Anne of Kiev

As much of the recent news has regarded the Russian invasion of Ukraine, I thought I would post on a distant Ukrainian ancestor of mine, Anne of Kiev, an ancestor to millions of people with western European ancestry whose siblings are ancestral to millions of eastern Europeans.[1]

Anne of Kiev, or Anna Yaroslavna, was born just under one thousand years ago in Kievan Rus, present day Ukraine, daughter of Yaroslav the Wise, Grand Prince of Kiev, and his second wife Ingegerd of Sweden. She married King Henry I of France in 1051. Her marriage to the French king reflected the Catholic Church’s growing disapproval of consanguineous marriages; Anne’s father had already married some of his children to Western rulers in an attempt to avoid the Byzantine Empire’s influence. This marriage was also just three years before the East-West Schism between the Catholic and Eastern Orthodox church, so Anne and Henry’s marriage was one of the last dynastic marriages between the two disparate regions for some time. Anne and Henry had two surviving children, sons Philip and Hugh. Philip succeeded his father as King of France, and Philip’s Greek name has often been credited to his mother as deriving from Anne’s culture; it afterwards became a popular name amongst royal families of western Europe.

Philip’s Greek name has often been credited to his mother as deriving from Anne’s culture…

The simplified chart below (with most names anglicized) shows how Anne was an ancestor to not just all later monarchs of France, but later rulers of most western kingdoms. As such, nearly every immigrant to the present day United States treated in the first volume of Gary Boyd Roberts’s The Royal Descents of 900 Immigrants would also be descended from Anne of Kiev, a common connection to Ukraine for much of the western world.

Click on image to expand it.


[1] To see how Anne’s parents were ancestral to nearly all later tsars of Russia, both in the Rurik and Romanov dynasties, see here.

About Christopher C. Child

Chris Child has worked for various departments at NEHGS since 1997 and became a full-time employee in July 2003. He has been a member of NEHGS since the age of eleven. He has written several articles in American Ancestors, The New England Historical and Genealogical Register, and The Mayflower Descendant. He is the co-editor of The Ancestry of Catherine Middleton (NEHGS, 2011), co-author of The Descendants of Judge John Lowell of Newburyport, Massachusetts (Newbury Street Press, 2011) and Ancestors and Descendants of George Rufus and Alice Nelson Pratt (Newbury Street Press, 2013), and author of The Nelson Family of Rowley, Massachusetts (Newbury Street Press, 2014). Chris holds a B.A. in history from Drew University in Madison, New Jersey.

21 thoughts on “Anne of Kiev

    1. Thank you for alerting me to that WikiTree function!

      For others who may be interested, here is Anne:

      Near the bottom of the page, click on the link for:

      “your genealogical relationship with Аnne”

      “Only” 73 lines of descent from Anne for me.

  1. Thank you for this very interesting post. I am a bit confused, though, as I thought Peter II of Courtenay was the son of Peter I of Courtenay and Isabel/Elizabeth of Courtenay, rather than being of the de Warrenne family.

  2. Chris,
    Thanks for another timely report. Timely not only to the terrible current events, but also to my own research. I discovered recently that I, too, am a descendant of Anne of Kyivan Rus’ (ca.1030-1075).
    Anne’s father was Yaroslav the Wise; her grandfather was Vladimir the Great. Both have monuments and statues in Ukraine and elsewhere, and appear on Ukraine currency. Vladimir is also known as Saint Vladimir because he converted to Orthodox Christianity when he married Anna Porphyrogenita, daughter of Byzantine Emperor Romanos II, although corporeal Vlad did not act very saintly before he was baptized – he had several wives, plus an estimated 800 concubines, that he had to divorce before he could marry Anna of Byzantium.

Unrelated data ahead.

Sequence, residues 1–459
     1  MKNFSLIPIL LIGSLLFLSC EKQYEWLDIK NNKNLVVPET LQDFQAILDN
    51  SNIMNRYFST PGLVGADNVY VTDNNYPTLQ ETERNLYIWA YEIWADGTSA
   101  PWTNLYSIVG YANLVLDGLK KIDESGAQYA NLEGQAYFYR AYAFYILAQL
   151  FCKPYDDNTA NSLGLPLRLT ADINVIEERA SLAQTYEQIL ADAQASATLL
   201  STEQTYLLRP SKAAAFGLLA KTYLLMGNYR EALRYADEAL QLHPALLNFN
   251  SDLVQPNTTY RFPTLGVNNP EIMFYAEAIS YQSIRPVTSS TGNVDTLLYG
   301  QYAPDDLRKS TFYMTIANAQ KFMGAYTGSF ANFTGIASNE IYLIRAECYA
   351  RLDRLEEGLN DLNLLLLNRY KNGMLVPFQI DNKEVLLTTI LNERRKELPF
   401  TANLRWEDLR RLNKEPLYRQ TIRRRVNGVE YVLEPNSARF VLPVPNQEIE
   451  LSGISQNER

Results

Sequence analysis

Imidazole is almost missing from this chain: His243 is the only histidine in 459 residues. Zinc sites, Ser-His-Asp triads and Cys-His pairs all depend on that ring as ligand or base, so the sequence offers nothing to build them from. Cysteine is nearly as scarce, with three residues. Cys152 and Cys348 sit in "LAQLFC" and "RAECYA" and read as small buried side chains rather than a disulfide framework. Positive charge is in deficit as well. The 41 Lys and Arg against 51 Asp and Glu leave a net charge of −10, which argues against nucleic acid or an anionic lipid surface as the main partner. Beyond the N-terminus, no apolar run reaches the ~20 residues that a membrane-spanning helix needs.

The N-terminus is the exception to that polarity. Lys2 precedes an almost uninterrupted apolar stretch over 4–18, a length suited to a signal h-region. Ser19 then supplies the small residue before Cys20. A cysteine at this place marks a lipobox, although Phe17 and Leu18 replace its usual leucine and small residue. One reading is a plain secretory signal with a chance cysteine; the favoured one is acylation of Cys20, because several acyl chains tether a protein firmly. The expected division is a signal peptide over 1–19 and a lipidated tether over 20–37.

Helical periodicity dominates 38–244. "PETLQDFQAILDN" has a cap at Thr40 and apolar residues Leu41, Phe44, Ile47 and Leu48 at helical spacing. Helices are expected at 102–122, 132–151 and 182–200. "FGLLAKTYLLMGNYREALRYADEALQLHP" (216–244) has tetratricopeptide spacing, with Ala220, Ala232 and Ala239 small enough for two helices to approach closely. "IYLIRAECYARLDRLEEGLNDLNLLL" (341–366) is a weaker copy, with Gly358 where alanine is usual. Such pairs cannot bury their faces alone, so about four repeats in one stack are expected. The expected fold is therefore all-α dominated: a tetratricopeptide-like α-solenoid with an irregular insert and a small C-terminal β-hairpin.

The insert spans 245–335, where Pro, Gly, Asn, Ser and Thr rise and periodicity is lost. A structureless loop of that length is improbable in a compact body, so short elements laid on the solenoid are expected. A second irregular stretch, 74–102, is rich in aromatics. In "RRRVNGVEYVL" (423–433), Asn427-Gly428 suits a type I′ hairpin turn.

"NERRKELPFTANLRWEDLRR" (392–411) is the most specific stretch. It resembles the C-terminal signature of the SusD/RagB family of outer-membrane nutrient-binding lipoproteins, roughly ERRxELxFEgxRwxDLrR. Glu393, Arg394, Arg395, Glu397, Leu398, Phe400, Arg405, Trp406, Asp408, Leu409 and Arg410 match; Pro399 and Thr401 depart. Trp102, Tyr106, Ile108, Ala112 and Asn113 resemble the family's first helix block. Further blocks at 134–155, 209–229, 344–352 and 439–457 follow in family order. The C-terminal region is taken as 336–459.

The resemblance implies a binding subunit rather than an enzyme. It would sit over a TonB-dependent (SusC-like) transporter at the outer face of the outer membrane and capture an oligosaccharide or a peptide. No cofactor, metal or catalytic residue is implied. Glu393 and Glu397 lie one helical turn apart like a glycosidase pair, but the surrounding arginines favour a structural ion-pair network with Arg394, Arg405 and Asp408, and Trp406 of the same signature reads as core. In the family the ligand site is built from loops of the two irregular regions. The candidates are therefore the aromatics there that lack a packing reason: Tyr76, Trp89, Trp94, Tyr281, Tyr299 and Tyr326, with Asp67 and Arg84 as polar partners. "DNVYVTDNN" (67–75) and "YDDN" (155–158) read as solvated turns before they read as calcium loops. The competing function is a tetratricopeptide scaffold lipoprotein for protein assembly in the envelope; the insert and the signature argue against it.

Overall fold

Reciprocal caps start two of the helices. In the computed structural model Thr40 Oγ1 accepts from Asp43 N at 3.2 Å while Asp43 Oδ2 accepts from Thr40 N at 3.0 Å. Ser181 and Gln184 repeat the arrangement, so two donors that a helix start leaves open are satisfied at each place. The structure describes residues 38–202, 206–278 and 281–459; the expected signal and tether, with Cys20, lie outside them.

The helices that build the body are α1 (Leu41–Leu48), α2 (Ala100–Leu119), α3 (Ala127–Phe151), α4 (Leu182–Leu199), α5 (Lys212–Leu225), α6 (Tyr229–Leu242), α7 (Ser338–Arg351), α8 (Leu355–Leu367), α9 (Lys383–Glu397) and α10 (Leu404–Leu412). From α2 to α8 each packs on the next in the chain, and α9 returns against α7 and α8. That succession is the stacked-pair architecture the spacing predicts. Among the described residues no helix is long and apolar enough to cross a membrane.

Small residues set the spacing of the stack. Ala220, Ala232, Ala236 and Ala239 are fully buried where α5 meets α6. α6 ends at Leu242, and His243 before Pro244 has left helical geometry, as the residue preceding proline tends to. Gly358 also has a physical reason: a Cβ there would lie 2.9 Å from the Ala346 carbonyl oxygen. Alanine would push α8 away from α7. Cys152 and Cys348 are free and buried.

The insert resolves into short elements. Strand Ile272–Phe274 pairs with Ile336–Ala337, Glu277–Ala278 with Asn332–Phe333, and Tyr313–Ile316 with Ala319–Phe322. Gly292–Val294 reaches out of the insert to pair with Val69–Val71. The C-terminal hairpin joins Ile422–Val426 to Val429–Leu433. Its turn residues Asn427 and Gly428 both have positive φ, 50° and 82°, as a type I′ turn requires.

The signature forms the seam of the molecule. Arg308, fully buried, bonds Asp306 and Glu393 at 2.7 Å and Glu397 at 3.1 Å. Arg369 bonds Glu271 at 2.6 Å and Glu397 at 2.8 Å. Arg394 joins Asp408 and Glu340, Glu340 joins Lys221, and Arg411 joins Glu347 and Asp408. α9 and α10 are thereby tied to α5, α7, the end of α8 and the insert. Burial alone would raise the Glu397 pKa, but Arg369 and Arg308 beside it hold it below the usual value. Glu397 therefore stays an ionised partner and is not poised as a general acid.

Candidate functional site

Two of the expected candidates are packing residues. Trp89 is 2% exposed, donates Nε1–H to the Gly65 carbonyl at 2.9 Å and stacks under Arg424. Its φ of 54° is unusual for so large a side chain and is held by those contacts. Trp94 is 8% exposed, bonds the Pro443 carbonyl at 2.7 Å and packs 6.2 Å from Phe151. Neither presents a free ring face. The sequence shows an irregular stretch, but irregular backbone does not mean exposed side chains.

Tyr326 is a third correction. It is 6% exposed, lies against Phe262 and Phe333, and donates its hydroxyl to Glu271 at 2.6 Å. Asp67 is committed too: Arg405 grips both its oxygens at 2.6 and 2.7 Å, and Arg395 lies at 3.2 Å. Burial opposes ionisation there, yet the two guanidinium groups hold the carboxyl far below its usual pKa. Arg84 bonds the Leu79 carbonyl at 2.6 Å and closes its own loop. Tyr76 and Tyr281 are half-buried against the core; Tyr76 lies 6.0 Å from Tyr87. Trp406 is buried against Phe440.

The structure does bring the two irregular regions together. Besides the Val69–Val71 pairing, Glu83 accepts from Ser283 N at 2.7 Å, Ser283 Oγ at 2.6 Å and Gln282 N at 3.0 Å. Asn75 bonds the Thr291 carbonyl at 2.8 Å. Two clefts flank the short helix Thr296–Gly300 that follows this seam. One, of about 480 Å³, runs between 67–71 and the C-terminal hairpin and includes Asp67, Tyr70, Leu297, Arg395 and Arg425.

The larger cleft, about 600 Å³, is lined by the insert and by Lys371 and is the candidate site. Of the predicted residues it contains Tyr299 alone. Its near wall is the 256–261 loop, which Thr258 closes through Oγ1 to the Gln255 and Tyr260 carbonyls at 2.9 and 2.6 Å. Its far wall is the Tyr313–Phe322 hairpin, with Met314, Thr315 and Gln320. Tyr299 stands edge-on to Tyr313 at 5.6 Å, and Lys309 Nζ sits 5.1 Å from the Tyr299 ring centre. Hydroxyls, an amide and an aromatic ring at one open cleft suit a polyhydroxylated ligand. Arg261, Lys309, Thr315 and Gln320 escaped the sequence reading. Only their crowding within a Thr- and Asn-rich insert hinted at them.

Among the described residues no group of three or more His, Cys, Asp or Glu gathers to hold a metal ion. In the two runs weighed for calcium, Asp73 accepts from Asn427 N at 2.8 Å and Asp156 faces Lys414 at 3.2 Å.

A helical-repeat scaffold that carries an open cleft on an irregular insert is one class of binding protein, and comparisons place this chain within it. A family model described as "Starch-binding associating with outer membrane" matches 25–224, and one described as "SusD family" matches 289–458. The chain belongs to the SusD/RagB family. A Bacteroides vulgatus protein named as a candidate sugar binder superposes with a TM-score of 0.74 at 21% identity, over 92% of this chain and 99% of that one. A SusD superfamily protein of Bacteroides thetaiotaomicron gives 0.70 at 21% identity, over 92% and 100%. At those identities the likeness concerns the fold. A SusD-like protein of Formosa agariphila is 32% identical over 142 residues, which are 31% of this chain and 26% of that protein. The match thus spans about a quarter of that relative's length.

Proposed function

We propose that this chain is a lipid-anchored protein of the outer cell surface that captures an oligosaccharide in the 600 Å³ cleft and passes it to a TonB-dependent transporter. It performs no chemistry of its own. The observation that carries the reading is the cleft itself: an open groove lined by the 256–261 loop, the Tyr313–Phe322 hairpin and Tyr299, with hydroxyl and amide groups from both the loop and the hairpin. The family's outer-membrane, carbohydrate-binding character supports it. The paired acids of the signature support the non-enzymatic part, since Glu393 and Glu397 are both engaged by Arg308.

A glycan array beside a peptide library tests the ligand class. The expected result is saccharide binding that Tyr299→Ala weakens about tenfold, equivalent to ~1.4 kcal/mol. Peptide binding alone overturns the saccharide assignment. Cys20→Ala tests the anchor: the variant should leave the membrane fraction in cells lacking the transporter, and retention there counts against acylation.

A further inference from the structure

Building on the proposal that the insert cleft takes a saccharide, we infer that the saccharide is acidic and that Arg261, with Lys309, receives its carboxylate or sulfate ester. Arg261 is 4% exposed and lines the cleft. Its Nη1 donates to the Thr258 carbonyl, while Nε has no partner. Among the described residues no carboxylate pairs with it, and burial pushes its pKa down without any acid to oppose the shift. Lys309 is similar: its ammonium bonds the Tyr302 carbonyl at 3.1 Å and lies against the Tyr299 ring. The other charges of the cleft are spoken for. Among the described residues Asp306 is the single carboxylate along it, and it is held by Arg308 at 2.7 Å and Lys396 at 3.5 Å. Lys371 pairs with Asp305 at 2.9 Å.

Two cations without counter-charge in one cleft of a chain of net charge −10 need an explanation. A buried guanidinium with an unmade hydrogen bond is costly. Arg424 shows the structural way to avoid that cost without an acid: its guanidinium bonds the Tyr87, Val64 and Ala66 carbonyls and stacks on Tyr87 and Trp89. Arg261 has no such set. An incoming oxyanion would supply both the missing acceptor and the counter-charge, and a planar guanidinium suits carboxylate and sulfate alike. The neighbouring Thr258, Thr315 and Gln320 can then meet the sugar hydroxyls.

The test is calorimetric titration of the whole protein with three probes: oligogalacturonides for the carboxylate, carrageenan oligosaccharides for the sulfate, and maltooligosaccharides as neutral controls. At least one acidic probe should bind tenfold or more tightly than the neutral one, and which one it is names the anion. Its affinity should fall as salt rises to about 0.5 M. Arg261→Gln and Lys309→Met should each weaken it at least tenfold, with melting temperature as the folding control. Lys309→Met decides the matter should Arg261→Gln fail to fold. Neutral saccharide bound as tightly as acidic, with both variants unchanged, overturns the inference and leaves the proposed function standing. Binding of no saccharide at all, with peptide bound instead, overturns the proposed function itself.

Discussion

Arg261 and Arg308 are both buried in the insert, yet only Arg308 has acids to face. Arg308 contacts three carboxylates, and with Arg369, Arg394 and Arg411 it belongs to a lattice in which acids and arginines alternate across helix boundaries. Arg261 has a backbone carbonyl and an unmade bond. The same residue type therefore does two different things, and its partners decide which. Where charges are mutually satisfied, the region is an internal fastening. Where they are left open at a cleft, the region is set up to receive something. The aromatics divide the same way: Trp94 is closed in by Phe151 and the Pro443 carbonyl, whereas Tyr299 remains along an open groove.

Incidentally, Anne’s ancestors were Varangians (mainly Swedish Vikings). Her mother was Ingegerd Olofsdotter, daughter of the King of Sweden. Perhaps that is why we see so many blue-eyed blonds in the news videos about the invasion of Ukraine.
    The world is one dysfunctional family.
    Cousin Duane

  3. #IstandwithAnne

    Thanks for this post Chris to remind us that we are all Ukrainian at heart. God bless them all and keep them free and safe. May this nightmare soon be over.

    1. Jeff, my prayers echo yours… May God bless the Ukrainian people, keep them free and safe. May this nightmare soon be over. Chris, I thank you for your scholarship and generously sharing your knowledge! Very interesting ancestry.

  4. You have seen my wikitree tree. I have all of them in my family tree. Is there any leta scholarship they can even slightly confirmed the parentage of the daughter that somethings is the daughter of Yaroslav the wise? Wasnt her name Agatha?

  5. Sold Out? SOLD OUT! Says the link to Gary’s 900. Plans to republish or are we in revision mode for, say, 1066 or 1215 or 1348 or 1558 Royal Descents? Marketing suggestion: Next revision, and thereafter to the crack of doom, title should be [Gary Boyd] Roberts’ ROYAL DESCENTS. If there can an always be an in print Robert’s Rules of Orders, then there can an always be an in print Roberts’ Descents. After all, you own the copyright.

      1. Reviewing my RD600, yes, that’s correct. Gary himself holds the copyright. So, up to him as to what happens to it. Just thinking it should have a “renewable”, and useful, life beyond us present researchers.

  6. Just want to bring to your attention a misstep when you referred to Ukraine as “the Ukraine.” This is how Russia referred to Ukraine when it was under Soviet rule. Perhaps you would be good enough to correct.

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